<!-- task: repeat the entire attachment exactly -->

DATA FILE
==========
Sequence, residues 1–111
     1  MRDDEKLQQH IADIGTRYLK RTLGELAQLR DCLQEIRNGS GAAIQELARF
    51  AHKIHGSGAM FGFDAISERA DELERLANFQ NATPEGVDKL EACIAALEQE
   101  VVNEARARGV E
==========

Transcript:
Sequence, residues 1–111
     1  MRDDEKLQQH IADIGTRYLK RTLGELAQLR DCLQEIRNGS GAAIQELARF
    51  AHKIHGSGAM FGFDAISERA DELERLANFQ NATPEGVDKL EACIAALEQE
   101  VVNEARARGV E